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Towers of Hanoi

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Discs: Mode: Move:
0 of 127

What is "The Towers of Hanoi"?

It is a puzzle where the object is to move all of the rings to the right most peg. You may only move one ring at a time and you must never allow a larger ring to rest on a smaller ring.

How To Use This Version

This is an electronic version of the puzzle. When you have chosen how many discs you want you must choose which course of action you want. You can either have the solved by the computer or you can solve it yourself by choosing one of the following modes:

  • User: You move the blocks, but the computer stops you from cheating
  • Teacher:You move but you are alerted if you do a wrong move
  • Cheat:You can do all moves, including illigal ones
  • Solve quickly:Your computer solves the puzzle quickly
  • Solve normally:Your computer solves the puzzle at normal speed
  • Solve slowly:Your computer solves the puzzle slowly

To move the discs simply use the buttons right under the pegs. If you want the computer to solve it simply press start after choosing speed. If at start there is a disc at the middle peg your browser is unluckily incompatible. I have tested it to work on the following browsers: Firefox, Internet explorer 6 for windows, Safari, Mozilla and Camino.

The History of The Towers of Hanoi

There is a legend about the puzzle and it goes as follows: In the temple of Benares, at the center of the world, there were three diamond poles on a copper plate. During the Creation God placed 64 golden disks on one of these poles and they were stacked from large to small. This is the Tower of Brahma, but is also called the tower of Hanoi. The priests are then to move one disc at a time, putting it on one of the other poles, and never place it onto a smaller disc.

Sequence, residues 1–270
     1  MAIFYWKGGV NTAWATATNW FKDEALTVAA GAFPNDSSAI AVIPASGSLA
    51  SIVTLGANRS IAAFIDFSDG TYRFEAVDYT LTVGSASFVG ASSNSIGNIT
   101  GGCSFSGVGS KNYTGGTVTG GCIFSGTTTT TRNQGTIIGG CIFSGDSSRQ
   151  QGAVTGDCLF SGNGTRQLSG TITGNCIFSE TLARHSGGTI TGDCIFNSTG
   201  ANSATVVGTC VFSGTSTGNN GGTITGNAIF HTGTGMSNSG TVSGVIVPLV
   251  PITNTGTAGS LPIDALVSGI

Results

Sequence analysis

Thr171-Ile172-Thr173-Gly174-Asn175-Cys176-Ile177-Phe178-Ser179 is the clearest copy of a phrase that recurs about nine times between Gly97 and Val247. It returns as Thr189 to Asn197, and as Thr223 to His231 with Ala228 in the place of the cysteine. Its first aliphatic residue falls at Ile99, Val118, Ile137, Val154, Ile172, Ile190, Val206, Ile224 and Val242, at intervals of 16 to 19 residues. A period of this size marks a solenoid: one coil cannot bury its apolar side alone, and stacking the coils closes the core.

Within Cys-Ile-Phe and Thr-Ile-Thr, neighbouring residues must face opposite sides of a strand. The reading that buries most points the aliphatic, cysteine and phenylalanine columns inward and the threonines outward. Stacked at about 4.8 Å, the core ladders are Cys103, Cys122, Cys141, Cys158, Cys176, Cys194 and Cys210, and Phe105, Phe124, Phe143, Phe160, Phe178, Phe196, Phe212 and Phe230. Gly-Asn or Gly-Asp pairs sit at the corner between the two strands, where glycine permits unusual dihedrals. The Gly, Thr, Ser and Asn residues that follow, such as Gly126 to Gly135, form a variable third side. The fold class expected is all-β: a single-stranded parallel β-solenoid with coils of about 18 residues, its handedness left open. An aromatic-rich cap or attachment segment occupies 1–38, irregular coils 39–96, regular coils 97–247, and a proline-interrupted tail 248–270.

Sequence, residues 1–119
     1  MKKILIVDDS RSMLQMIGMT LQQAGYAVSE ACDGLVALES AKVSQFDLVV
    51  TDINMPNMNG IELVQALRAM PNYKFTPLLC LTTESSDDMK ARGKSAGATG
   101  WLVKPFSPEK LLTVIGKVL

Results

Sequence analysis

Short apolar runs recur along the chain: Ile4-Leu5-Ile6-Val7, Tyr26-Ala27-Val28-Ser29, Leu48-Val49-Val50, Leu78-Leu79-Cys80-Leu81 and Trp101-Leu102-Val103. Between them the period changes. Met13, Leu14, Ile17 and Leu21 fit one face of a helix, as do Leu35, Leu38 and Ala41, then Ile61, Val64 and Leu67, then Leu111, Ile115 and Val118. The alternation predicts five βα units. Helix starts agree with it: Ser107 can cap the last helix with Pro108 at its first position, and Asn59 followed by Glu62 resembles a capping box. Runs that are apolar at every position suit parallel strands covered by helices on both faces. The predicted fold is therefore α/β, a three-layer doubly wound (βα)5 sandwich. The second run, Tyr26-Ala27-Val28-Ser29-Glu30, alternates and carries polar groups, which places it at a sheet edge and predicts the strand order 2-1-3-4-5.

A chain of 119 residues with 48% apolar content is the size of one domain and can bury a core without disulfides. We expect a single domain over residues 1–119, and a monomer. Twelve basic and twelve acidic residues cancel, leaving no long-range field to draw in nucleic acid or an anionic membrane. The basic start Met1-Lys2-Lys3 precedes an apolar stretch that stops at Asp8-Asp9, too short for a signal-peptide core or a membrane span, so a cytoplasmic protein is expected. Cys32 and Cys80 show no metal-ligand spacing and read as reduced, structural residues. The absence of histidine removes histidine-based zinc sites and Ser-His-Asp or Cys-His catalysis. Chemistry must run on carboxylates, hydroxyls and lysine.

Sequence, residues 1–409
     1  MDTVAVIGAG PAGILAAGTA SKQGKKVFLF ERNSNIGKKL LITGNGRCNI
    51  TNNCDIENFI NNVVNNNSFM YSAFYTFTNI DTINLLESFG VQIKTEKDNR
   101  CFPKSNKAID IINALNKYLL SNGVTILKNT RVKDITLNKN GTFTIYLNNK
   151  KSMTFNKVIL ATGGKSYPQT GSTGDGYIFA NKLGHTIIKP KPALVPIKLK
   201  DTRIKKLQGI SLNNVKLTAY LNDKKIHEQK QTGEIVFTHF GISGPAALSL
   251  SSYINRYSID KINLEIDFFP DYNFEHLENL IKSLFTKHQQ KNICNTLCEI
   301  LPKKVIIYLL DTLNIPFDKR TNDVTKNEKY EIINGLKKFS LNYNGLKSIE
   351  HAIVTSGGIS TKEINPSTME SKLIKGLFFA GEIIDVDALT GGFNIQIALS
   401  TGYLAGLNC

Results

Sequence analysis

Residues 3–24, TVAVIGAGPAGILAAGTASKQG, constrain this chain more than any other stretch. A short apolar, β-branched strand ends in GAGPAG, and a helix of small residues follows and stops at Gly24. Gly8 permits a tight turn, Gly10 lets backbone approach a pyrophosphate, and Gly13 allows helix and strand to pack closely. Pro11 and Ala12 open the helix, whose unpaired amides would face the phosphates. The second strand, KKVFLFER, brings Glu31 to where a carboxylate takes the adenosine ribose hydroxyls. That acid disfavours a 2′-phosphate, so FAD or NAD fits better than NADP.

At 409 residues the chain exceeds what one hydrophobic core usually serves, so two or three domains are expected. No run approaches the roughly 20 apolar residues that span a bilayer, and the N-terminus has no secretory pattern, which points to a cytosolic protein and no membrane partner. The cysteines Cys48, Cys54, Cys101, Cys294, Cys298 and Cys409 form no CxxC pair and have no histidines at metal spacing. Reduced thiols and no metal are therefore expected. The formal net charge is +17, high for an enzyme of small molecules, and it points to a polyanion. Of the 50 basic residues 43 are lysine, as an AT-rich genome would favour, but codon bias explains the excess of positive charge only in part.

When the tower has been transferred from to the other pole, the world would cease to exist. But don't panic! In order to transfer the 64 disks properly a total of 18,446,744,073,709,551,615 moves are required if you make absolutely no mistakes. If you work very quickly and moved, say one disc every second of every hour of every day, it will take over 580,000,000,000 (=580 billion) years to solve, so the sun will explode before that happens! Well… actually the Tower of Hanoi was actually invented in 1883 by the Edouard Lucas (a French mathematician).

The Math Behind The Towers of Hanoi

To move all discs from one pin to another takes 2D-1 moves where "D" is the number of discs. Therefore the number of discs moves is approximately doubled every time you put another one on it. The following table shows the coherence between the number of discs and the number of moves:

Discs Moves

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